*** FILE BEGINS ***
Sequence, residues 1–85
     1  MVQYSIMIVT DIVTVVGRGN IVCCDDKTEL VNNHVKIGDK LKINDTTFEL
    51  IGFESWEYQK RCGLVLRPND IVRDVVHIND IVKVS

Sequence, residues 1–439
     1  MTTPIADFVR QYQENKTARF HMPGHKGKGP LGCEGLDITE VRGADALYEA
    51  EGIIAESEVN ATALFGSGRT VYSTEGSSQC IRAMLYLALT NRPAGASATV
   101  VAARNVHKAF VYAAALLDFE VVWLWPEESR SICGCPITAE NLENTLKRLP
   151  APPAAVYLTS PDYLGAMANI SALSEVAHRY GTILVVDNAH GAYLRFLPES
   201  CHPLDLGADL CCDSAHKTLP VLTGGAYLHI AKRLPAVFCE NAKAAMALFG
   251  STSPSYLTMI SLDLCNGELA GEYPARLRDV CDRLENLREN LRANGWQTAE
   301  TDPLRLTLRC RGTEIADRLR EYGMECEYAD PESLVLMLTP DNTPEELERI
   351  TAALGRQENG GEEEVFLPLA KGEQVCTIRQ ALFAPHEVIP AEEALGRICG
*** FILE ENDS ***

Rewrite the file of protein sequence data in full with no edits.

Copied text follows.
Sequence, residues 1–85
     1  MVQYSIMIVT DIVTVVGRGN IVCCDDKTEL VNNHVKIGDK LKINDTTFEL
    51  IGFESWEYQK RCGLVLRPND IVRDVVHIND IVKVS

Sequence, residues 1–439
     1  MTTPIADFVR QYQENKTARF HMPGHKGKGP LGCEGLDITE VRGADALYEA
    51  EGIIAESEVN ATALFGSGRT VYSTEGSSQC IRAMLYLALT NRPAGASATV
   101  VAARNVHKAF VYAAALLDFE VVWLWPEESR SICGCPITAE NLENTLKRLP
   151  APPAAVYLTS PDYLGAMANI SALSEVAHRY GTILVVDNAH GAYLRFLPES
   201  CHPLDLGADL CCDSAHKTLP VLTGGAYLHI AKRLPAVFCE NAKAAMALFG
   251  STSPSYLTMI SLDLCNGELA GEYPARLRDV CDRLENLREN LRANGWQTAE
   301  TDPLRLTLRC RGTEIADRLR EYGMECEYAD PESLVLMLTP DNTPEELERI
   351  TAALGRQENG GEEEVFLPLA KGEQVCTIRQ ALFAPHEVIP AEEALGRICG